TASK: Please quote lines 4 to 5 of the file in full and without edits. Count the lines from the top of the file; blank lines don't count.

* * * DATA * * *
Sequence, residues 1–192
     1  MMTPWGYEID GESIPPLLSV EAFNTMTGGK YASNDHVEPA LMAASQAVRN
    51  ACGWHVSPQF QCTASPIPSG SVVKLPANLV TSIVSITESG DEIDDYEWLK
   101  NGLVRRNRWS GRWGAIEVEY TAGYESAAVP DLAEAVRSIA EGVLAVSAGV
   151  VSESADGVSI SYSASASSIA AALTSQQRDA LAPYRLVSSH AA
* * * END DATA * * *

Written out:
   101  NGLVRRNRWS GRWGAIEVEY TAGYESAAVP DLAEAVRSIA EGVLAVSAGV
   151  VSESADGVSI SYSASASSIA AALTSQQRDA LAPYRLVSSH AA